Umbran

Mod Squad
Staff member
Is it an oversight? Is it because it's considered too close to the d20 to make a difference? Is it because its not a platonic solid? Are they more expensive to manufacture than the other shapes? Is there some other reason?
Well, for one thing, a d18 is not terribly different, in terms of odds, than a d20: 5.555...% per side, instead of 5% per side. Half a percent isn't compelling.

But also - while there are a handful of examples of strange dice, the vast majority of games use something in the d4,d6,d8,d10,d12,d20 set. Since the 80s, those dice have been fairly common and easy to get. Anything outside that - you need to produce those dice, and expect your new players to buy them, before they can play your game. Your dice mechanic has to be really special to make that a winning proposition. A small variation in the odds granularity is not very special.

EDIT:
And on a tangentially related note, how come RPGs use d3's but not d5's;
Well, in general... they don't. Compared to the number of games extant, the number who use d3s is... very small.
 

Bohandas

Adventurer
Well, for one thing, a d18 is not terribly different, in terms of odds, than a d20: 5.555...% per side, instead of 5% per side. Half a percent isn't compelling.

But also - while there are a handful of examples of strange dice, the vast majority of games use something in the d4,d6,d8,d10,d12,d20 set. Since the 80s, those dice have been fairly common and easy to get. Anything outside that - you need to produce those dice, and expect your new players to buy them, before they can play your game. Your dice mechanic has to be really special to make that a winning proposition. A small variation in the odds granularity is not very special.



Well, in general... they don't. Compared to the number of games extant, the number who use d3s is... very small.
Dungeons & Dragons uses d3s. For unarmed damage and a number of other things.
 

RogueJK

It's not "Rouge"... That's makeup.
The only game I've played where the D3 was used often enough as a d3 to make having a physical one was Hero System.... Tho' Fudge and Fate technically uses 4d3-8 by default...
D&D 3/3.5 and Pathfinder used d3s. Off the top of my head, some 0-level spells had d3 effects, and Medium weapons with 1d4 damage did 1d3 damage when sized for a Small character, or when a character was under the effect of Reduce Person. There are probably a few more examples.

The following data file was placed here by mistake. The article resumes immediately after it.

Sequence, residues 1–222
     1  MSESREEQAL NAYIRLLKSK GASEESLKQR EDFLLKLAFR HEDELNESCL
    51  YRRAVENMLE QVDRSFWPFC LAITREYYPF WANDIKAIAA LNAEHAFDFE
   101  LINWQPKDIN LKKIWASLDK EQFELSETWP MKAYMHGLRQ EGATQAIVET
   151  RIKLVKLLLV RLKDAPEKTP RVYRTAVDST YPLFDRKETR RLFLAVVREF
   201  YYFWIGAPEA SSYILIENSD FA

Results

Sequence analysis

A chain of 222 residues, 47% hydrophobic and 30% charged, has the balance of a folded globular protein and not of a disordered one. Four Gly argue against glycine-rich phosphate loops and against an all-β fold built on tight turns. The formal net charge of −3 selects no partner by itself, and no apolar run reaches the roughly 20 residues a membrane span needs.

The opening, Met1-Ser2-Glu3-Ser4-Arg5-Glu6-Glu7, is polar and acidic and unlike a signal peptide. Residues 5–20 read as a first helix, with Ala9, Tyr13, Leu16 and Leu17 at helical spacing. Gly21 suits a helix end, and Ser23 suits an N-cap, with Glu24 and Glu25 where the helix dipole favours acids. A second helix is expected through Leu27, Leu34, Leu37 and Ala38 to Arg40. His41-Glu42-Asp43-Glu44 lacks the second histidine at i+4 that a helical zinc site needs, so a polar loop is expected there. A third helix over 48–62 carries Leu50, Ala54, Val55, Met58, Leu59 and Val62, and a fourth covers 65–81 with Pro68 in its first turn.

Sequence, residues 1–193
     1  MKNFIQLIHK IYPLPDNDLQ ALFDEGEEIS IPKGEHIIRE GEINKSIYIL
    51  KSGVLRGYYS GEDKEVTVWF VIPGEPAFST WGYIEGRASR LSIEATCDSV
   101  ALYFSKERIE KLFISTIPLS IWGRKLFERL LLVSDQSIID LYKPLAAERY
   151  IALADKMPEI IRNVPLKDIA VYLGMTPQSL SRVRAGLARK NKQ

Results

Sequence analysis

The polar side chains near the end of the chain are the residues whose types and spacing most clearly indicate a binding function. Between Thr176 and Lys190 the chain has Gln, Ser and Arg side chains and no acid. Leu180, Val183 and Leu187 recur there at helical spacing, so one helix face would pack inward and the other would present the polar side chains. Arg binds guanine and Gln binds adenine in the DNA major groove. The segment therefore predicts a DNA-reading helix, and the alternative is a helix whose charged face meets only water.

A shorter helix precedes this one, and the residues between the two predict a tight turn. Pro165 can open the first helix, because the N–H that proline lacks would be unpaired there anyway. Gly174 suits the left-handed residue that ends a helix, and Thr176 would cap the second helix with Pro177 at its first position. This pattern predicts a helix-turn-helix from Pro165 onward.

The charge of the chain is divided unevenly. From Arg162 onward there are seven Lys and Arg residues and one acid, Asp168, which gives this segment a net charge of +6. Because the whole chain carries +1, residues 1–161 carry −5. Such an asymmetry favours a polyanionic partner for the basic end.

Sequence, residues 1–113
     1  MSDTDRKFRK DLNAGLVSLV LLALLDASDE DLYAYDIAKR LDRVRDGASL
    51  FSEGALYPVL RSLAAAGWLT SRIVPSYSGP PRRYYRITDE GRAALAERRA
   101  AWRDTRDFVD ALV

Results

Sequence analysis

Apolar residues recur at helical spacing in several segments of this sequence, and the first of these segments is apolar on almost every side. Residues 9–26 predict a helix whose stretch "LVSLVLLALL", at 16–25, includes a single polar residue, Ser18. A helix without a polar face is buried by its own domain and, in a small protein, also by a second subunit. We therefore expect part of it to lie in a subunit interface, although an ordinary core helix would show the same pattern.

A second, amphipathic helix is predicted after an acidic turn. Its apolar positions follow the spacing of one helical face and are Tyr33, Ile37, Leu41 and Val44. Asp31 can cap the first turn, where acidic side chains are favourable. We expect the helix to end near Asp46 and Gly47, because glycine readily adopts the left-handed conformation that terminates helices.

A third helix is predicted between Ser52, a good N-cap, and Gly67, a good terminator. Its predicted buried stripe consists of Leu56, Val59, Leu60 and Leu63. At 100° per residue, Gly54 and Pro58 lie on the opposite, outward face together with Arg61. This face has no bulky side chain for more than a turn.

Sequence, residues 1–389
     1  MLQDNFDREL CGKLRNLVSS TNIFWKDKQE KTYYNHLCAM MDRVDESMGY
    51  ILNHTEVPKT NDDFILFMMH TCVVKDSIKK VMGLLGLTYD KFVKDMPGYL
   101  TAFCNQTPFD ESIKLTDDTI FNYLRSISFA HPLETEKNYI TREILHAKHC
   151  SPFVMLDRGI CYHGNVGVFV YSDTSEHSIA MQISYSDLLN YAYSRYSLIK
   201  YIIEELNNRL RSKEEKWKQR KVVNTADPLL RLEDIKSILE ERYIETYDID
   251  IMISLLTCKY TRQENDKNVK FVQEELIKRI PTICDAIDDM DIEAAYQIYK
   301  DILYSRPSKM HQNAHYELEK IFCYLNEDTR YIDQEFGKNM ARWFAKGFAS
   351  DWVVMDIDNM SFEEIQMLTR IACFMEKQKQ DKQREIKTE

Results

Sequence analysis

I have a couple of the rounded triangular ones laying around, though they tend to roll kind wonky. d6s halved and rounded up, or even custom d6s labeled 1-3 twice, work better.

But then, I don't like how d4s roll either (especially in a dice tower), and prefer d12s labeled 1-4 three times. So maybe I'm just weird.

Here's a photo of the type of d3 I have:
 
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aramis erak

Adventurer
D&D 3/3.5 and Pathfinder used d3s. Off the top of my head, some 0-level spells had d3 effects, and Medium weapons with 1d4 damage did 1d3 damage when sized for a Small character, or when a character was under the effect of Reduce Person. There are probably a few more examples.
Not common enough, for the limited play I had of 3.x, to justify a physical, especially since the cases where it was needed, it wasn't usually combined with other dice. But some, especially halfling players, might be using it enough to want it.

Hero, however, often has 4.5 or 5.5 or some other n.5 die rolls for damage, all dice being d6's or d3's. And, if you have a power that (due to point increases) is at a half die, and one you use often, it's just so much easier to use the doublemarked d6 (1,1,2,2,3,3) than to remember "this other die is the half-die"...

I'll note that Mongoose RuneQuest also has d3 weapon damages, but... the damage modifiers are one of: -d8, -d6, -d4, -d2, d0, d2, d4, d6 ,d8, d10; Chaosium RQ3 used: -d4, d0, d4, d6, 2d6... there are some d3 weapons. If I'd run more of it, I'd have wanted one for it.